Peer pressure, cyber bullying, sexting and social media use -- it's no secret being a teenager in Australia today is vastly different to past generations -- which hardly makes the job of parenting an easy one.
In an effort to encourage more effective communication between parents and young people, youth mental health organisation ReachOut have launched a new digital service that provides advice and information for Australian parents.
"Parenting teenagers is as complex as ever but we know communication is absolutely key in any relationship," Jono Nicholas, CEO of ReachOut told The Huffington Post Australia.
"We often talk about this being the first generation of parents who've had to deal with issues like their kids' social media use, cyberbullying and when their kids should get their first mobile phone," Nicholas said.
Teens today haven't known a world without a mobile phone which poses a challenge for parents when trying to understand the things they might be going through.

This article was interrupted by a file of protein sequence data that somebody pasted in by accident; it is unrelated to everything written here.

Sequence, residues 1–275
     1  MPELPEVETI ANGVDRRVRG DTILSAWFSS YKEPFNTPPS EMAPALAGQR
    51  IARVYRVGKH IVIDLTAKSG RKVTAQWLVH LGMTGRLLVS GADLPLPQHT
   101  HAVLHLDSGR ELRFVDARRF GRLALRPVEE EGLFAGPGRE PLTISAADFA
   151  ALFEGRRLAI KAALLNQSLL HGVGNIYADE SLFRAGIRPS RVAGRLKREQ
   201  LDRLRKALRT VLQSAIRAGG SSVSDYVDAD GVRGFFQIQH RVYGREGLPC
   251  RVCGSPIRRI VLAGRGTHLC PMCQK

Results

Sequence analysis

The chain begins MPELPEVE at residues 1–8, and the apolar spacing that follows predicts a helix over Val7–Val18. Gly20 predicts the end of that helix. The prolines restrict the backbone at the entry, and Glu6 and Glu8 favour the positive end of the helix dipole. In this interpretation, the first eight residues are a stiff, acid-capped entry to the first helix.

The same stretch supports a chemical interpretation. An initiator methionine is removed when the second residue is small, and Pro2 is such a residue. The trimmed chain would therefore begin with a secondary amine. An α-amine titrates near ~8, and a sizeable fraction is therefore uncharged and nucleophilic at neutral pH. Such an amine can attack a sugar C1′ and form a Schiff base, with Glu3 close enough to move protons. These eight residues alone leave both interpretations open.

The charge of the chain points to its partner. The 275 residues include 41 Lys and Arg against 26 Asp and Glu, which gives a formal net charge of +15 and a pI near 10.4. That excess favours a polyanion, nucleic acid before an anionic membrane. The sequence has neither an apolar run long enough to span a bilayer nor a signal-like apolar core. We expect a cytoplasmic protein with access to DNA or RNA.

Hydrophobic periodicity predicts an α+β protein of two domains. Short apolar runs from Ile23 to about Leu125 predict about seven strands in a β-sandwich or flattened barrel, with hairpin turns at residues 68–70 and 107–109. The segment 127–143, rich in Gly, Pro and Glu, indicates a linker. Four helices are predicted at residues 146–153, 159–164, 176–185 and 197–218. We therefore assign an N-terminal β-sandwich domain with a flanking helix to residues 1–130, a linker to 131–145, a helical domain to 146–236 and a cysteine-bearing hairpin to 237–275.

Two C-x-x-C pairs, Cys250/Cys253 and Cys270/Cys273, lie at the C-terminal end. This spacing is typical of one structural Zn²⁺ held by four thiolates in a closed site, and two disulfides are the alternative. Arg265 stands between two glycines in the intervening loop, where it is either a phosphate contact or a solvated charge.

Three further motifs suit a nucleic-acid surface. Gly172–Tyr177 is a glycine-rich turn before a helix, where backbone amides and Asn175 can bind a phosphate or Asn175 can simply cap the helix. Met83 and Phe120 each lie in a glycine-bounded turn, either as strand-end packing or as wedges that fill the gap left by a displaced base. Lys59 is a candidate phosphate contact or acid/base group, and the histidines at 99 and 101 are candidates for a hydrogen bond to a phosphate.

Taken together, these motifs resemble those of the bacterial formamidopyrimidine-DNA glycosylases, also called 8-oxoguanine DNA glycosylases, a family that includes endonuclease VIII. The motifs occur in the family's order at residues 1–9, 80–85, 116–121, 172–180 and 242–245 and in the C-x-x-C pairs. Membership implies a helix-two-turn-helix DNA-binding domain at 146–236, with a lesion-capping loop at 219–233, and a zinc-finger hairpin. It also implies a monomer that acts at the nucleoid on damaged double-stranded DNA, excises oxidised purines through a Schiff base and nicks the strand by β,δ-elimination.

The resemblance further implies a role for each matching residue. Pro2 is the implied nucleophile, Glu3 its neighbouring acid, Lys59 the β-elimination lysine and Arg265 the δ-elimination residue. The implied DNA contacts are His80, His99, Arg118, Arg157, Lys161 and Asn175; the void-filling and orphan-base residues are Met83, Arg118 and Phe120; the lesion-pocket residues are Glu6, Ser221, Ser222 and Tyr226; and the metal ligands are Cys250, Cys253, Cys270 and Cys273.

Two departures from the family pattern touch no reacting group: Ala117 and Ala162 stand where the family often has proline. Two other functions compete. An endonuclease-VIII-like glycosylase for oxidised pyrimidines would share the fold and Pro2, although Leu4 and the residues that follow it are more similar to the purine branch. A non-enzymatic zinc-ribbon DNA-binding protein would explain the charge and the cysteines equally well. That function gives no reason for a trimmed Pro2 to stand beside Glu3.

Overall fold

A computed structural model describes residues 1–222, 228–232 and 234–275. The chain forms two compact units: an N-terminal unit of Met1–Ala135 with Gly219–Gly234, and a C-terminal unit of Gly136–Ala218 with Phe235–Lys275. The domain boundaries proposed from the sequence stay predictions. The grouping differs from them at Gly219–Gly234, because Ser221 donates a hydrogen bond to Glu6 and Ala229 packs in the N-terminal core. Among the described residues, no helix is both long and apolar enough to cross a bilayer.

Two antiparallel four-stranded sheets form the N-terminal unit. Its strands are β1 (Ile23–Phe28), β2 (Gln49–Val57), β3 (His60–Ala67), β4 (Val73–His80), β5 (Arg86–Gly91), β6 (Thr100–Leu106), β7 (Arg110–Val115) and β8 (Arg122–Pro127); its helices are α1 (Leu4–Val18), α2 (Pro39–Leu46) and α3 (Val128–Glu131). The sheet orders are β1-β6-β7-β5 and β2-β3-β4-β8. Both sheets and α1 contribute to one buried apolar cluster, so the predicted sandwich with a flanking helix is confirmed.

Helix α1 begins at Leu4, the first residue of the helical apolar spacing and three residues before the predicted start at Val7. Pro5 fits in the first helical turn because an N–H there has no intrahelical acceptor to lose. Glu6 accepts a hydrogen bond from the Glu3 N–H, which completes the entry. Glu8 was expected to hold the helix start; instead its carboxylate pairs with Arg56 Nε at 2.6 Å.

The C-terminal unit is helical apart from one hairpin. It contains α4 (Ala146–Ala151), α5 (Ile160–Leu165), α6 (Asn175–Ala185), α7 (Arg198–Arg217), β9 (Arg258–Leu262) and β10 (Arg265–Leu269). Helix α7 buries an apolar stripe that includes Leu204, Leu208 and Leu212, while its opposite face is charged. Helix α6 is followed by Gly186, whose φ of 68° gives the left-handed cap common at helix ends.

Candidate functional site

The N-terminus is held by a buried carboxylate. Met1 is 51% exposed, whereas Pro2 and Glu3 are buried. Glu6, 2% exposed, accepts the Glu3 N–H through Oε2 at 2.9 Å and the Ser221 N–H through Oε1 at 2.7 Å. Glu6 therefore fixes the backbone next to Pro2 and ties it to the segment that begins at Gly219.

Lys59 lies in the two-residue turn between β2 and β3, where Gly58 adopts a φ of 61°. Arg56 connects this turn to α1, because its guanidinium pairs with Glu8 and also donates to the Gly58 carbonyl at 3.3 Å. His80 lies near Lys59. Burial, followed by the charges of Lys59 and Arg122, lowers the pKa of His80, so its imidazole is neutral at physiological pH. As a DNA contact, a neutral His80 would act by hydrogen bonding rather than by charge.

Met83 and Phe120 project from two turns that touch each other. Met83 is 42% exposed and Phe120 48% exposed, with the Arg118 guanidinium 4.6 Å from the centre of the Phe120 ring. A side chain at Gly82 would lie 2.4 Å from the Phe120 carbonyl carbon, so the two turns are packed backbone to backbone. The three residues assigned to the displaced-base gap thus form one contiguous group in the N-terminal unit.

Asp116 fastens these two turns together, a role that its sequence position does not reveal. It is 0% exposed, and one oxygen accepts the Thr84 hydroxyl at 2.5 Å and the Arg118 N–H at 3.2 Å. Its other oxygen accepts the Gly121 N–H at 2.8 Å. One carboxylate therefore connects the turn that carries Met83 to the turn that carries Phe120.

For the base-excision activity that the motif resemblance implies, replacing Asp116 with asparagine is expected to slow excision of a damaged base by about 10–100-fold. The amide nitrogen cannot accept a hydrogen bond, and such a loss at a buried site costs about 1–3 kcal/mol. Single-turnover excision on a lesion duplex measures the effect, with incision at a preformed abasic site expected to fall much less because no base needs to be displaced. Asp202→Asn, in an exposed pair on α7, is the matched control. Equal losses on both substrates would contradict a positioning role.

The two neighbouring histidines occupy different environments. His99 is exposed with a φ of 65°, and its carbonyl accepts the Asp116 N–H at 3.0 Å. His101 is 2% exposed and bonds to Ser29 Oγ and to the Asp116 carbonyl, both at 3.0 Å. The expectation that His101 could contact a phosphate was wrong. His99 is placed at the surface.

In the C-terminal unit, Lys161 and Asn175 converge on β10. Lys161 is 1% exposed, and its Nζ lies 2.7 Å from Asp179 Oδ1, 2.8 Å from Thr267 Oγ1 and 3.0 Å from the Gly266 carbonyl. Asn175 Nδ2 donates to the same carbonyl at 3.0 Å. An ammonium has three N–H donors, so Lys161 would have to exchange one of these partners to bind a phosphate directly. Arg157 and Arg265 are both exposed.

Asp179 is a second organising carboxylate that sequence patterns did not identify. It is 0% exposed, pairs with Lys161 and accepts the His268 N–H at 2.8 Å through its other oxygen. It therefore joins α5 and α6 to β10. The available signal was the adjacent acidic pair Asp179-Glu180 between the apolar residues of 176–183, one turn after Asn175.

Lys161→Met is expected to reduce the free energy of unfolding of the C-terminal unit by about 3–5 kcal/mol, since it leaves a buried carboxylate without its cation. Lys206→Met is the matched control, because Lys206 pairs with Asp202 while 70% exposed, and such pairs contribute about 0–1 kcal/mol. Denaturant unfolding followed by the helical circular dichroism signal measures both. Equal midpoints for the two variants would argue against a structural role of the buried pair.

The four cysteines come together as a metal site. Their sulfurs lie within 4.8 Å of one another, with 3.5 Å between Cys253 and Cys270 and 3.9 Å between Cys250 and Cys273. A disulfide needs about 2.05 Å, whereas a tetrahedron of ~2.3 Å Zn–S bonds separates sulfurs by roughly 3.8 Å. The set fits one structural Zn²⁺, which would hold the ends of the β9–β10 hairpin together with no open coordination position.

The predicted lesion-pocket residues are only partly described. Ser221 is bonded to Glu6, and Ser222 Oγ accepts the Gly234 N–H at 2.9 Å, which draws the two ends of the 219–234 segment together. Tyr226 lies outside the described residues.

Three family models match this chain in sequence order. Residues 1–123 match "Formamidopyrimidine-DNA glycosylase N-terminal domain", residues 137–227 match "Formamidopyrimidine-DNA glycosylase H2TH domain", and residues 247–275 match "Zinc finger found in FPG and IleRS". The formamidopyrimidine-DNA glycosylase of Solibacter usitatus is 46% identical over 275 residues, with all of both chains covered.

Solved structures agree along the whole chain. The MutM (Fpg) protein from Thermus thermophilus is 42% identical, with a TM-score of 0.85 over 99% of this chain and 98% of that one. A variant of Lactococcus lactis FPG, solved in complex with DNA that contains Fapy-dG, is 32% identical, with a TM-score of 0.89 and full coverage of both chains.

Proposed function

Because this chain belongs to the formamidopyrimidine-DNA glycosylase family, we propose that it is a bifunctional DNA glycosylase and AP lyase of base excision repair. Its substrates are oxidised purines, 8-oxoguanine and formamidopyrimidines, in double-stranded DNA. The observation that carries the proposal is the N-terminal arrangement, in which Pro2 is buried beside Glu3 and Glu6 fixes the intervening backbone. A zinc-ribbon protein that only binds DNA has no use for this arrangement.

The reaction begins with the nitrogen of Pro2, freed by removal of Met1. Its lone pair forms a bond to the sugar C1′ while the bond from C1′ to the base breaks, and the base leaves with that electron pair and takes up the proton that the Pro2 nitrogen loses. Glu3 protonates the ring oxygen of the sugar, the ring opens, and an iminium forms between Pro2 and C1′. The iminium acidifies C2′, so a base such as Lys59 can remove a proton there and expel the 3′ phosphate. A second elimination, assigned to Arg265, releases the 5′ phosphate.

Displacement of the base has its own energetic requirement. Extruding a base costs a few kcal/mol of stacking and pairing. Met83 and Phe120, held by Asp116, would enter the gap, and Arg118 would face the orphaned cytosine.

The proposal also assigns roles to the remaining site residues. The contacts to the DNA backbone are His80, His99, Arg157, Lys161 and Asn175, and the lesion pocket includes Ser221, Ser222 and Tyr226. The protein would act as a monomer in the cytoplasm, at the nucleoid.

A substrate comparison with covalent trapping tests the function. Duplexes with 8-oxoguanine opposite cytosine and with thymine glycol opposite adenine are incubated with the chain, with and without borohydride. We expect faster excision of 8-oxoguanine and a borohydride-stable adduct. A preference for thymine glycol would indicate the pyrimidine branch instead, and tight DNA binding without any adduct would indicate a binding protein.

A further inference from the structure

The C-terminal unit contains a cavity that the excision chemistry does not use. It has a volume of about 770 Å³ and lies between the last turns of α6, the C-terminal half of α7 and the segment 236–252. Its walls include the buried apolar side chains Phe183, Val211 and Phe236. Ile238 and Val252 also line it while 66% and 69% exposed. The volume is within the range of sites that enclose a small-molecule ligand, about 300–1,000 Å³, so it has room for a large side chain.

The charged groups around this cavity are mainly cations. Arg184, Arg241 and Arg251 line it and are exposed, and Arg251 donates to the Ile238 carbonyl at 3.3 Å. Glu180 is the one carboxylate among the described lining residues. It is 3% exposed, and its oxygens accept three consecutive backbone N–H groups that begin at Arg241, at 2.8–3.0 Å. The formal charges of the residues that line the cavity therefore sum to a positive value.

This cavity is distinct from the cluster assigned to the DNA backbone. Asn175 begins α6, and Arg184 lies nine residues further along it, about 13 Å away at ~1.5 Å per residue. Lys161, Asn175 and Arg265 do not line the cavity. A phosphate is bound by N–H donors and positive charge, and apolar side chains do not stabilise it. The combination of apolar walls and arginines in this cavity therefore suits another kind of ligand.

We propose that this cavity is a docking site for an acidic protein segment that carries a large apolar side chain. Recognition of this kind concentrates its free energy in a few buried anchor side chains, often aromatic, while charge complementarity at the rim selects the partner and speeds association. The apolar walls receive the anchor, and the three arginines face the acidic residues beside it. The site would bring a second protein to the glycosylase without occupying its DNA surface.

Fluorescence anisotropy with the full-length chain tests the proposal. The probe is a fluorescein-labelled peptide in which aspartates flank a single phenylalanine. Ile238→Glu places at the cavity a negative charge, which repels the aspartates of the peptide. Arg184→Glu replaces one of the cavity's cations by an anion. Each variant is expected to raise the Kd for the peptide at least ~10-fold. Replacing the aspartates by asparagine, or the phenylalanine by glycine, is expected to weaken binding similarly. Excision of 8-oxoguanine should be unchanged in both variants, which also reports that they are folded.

The free service offers practical, evidence-based support based on research the organisation has carried out.
It found the top concerns for parents when it comes to their teens include; communicating with their teenager; peer pressure; study stress; anxiety; drugs and social media use.
Parents reported that it can be hard to know how to broach an issue with a young person, and to know when is the right time to do that.
"Today's parents are incredibly time-poor and like the idea that they can access a web-based service that's based on Australian evidence," Nicholas said.
A key feature of the service is the peer-to-peer support forum which allows parents to anonymously share their experiences.
"Although parents reported a range of concerns relating to their teenagers, such as school and study stress, bullying, and drugs and alcohol, their biggest concern was how to communicate with their child about these issues."
"Parents reported that it can be hard to know how to broach an issue with a young person, and to know when is the right time to do that," Nicholas said.
Parents are encouraged to provide feedback on the site, which will also help to forecast the type of content made available including videos from child psychologists and pathways to more intensive support within the community.
For more information visit ReachOut.com/Parents